Let’s call this scraping good training data for your mind. It is an important skill. Too often neglected. When learning a new craft, it is tempting to first go after the tasks you need to master. You want to know how to structure your sentences, so you read Strunk and White. You want to figure out how to get better at searching Google Scholar, so you memorize boolean operators. This is important. But to get good at something—parenting, writing code, doing research—you also need to internalize examples of prime achievements in that field. Knowing how to find these examples is upstream of the tasks you need to master.
As Erasmus puts it in On the method of study:
it is not by learning rules that we acquire the power of speaking a language, but by daily intercourse with those accustomed to express themselves with exactness and refinement, and by the copious reading of the best authors.
In the last part of this essay series, we modeled human beings as nodes routing information in a social graph. (Erasmus just routed me the above quote from the Lord’s year 1511, and I routed it to you.) The quality of your output in this model can be thought of as a function of the nodes upstream of you. Before Knausgaard connected Proust to his graph, he was incapable of producing valuable literary output.
In other words: the quest for greatness can be reframed as a search problem. In a world of information abundance, how do you find good influences?
On the art of locating great gardens
Lately, with the baby growing up, my wife Johanna has settled her mind on the problem that is our garden. She knows little about gardens. Her being more deliberate about how she learns than I am, I’ve been keeping notes about how she approaches it.
First, like a mortal, Johanna leafed through garden books in the library. She peeked over fences in the village, googled flower combinations, and searched Instagram for inspiration. I would have stopped there. (Or worse, I might have gone the way of a poet I once knew, who, when walking past a library scoffed, “Books! I don’t need books! I have my poems!” Which turned out to be a fabulous way to write bad poetry.)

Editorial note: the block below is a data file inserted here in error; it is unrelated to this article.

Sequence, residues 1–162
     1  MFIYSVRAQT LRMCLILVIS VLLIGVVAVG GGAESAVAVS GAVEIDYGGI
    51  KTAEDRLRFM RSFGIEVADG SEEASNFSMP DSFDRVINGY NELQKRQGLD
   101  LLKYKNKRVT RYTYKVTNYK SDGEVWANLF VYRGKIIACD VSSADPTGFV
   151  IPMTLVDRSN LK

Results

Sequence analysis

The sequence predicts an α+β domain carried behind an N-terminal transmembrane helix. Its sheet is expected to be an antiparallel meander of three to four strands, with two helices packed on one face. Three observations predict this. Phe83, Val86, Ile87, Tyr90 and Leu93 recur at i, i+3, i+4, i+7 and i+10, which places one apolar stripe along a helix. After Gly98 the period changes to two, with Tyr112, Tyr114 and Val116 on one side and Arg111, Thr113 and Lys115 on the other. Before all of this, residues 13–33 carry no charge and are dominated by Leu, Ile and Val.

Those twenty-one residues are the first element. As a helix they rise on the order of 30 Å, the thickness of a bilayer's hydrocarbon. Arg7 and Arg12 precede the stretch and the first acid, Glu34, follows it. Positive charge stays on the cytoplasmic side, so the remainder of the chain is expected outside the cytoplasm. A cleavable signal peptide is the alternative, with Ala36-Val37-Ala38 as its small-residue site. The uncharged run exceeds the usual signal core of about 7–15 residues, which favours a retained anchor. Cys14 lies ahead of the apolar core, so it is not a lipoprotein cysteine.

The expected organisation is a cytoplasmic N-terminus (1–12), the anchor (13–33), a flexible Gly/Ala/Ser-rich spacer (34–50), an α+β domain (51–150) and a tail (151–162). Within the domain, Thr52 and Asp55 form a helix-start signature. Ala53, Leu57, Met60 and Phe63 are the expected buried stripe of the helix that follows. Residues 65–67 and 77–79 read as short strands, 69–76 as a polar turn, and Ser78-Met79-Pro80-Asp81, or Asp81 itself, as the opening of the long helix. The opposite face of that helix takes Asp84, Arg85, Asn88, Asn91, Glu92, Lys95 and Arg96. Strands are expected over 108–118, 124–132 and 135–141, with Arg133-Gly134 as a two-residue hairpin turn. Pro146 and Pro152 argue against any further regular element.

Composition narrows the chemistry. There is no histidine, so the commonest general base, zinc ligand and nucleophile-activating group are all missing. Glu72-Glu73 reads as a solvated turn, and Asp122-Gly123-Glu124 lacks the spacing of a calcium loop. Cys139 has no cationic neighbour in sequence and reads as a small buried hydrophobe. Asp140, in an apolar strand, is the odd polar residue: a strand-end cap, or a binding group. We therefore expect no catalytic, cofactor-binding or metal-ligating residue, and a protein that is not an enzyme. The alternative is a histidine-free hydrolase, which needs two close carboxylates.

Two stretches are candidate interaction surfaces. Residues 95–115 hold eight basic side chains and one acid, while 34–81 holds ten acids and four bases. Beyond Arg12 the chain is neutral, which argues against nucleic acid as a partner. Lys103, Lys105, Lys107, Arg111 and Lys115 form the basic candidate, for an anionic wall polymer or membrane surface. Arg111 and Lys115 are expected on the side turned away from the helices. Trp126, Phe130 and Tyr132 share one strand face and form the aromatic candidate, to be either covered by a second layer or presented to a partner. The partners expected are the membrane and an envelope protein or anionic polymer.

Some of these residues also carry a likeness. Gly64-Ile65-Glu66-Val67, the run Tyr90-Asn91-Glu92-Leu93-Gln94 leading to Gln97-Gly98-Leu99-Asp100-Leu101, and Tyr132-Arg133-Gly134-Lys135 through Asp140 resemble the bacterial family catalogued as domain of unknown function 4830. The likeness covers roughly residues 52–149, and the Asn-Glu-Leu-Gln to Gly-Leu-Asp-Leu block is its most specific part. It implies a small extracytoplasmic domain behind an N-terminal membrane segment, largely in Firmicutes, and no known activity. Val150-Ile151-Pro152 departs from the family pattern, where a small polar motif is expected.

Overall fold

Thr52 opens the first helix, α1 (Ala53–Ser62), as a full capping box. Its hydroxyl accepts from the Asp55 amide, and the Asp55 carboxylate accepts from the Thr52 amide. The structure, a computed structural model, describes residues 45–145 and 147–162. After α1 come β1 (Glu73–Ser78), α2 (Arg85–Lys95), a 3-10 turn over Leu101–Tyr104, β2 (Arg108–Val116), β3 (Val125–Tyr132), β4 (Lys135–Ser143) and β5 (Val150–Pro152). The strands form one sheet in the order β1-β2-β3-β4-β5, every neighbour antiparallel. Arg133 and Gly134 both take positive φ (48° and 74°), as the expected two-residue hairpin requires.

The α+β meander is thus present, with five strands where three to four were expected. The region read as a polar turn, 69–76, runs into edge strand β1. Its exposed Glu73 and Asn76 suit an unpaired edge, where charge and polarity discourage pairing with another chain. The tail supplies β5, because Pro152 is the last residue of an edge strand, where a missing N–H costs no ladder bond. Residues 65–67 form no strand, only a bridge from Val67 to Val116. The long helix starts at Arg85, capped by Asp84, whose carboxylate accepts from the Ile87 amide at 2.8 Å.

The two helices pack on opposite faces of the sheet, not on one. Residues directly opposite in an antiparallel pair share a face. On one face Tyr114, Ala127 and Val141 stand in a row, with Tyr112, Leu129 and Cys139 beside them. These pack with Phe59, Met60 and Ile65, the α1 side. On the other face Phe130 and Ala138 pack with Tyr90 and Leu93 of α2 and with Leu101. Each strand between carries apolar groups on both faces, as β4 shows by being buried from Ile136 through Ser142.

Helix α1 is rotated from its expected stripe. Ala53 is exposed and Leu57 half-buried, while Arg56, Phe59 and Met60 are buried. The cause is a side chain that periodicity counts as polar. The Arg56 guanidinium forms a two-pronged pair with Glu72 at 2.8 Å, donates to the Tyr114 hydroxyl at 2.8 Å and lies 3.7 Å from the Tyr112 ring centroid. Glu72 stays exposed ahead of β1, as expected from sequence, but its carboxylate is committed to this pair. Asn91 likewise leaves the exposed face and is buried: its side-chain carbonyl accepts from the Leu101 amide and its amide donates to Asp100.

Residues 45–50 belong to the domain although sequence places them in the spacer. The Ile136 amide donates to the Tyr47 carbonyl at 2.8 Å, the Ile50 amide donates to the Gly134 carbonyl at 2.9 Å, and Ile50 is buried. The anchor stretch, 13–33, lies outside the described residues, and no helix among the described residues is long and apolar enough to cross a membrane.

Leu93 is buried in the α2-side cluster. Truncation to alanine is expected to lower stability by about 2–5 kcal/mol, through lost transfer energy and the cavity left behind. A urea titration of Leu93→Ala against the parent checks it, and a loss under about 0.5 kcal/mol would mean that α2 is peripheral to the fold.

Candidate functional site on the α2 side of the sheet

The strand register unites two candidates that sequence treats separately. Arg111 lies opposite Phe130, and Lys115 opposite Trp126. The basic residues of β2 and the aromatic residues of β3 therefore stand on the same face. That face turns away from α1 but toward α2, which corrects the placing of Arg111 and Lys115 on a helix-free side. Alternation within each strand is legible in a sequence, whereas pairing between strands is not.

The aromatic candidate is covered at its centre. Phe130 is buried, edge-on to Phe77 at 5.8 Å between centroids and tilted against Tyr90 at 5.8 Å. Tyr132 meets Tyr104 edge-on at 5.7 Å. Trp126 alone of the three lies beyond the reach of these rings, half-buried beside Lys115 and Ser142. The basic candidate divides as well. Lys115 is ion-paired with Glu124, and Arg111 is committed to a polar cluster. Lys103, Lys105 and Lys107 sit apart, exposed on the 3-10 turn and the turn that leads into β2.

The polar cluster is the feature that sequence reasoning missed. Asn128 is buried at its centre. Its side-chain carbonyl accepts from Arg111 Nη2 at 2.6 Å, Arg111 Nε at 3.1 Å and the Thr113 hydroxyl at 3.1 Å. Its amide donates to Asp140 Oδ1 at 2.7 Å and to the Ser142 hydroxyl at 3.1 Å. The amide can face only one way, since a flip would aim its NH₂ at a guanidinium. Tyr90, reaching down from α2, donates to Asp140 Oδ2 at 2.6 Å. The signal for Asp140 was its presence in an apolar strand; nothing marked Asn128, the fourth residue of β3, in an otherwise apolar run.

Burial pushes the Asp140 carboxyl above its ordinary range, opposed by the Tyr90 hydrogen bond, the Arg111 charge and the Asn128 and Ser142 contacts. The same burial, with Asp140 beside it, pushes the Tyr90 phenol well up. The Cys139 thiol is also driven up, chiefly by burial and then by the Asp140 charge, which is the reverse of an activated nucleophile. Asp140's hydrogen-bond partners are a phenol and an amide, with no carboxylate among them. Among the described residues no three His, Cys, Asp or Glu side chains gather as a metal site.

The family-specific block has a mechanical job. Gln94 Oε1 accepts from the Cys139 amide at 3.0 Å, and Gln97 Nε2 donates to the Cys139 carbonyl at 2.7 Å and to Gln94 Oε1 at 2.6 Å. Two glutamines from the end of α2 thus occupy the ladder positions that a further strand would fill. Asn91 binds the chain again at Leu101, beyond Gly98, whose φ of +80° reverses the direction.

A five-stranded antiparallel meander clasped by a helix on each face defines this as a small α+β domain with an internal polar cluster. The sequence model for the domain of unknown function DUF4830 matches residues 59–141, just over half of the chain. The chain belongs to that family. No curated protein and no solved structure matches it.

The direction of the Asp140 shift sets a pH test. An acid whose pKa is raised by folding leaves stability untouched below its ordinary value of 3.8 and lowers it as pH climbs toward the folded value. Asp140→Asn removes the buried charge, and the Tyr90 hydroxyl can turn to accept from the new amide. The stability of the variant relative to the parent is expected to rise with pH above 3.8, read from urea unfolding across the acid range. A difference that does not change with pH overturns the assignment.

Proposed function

Yes, Johanna says, you can find beautiful gardens by googling. But not having a good sense of the domain, you cannot judge if the gardens are anything near as good as they can be.
To get a better entry point into the culture of gardening, Johanna shifted her focus away from gardens in themselves. Going meta, she instead looked for people who are talented at looking at gardens. She looked at awards. Going through the recipients of the Society of Garden Designer’s Lifetime Achievement Award, she found Piet Oudulf and Beth Chatto. They are a markedly better set of influences than what she found using a naive, object-level search. She also found Andrew Lawson, a photographer who received the award in 2013—and through his images, she found even more refined gardens. Now their words and images, the blueprints of their gardens, are feeding into her.
This principle—looking for people who can guide you to the peaks of the domain—is very general. It can be done not only by looking at awards. Reading review articles for scientific fields is another way. Studying the canon. Looking at the most talented person you can spot and figure out whom they are studying. You can read interviews to find those answers, or look at what smart people cite, and so on. If you iterate a few times, climbing the citation tree from a good source to a better one, you quickly assemble a list of people (or books or articles or gardens or paintings, etc) that sit at the pinnacle of your domain. Study those.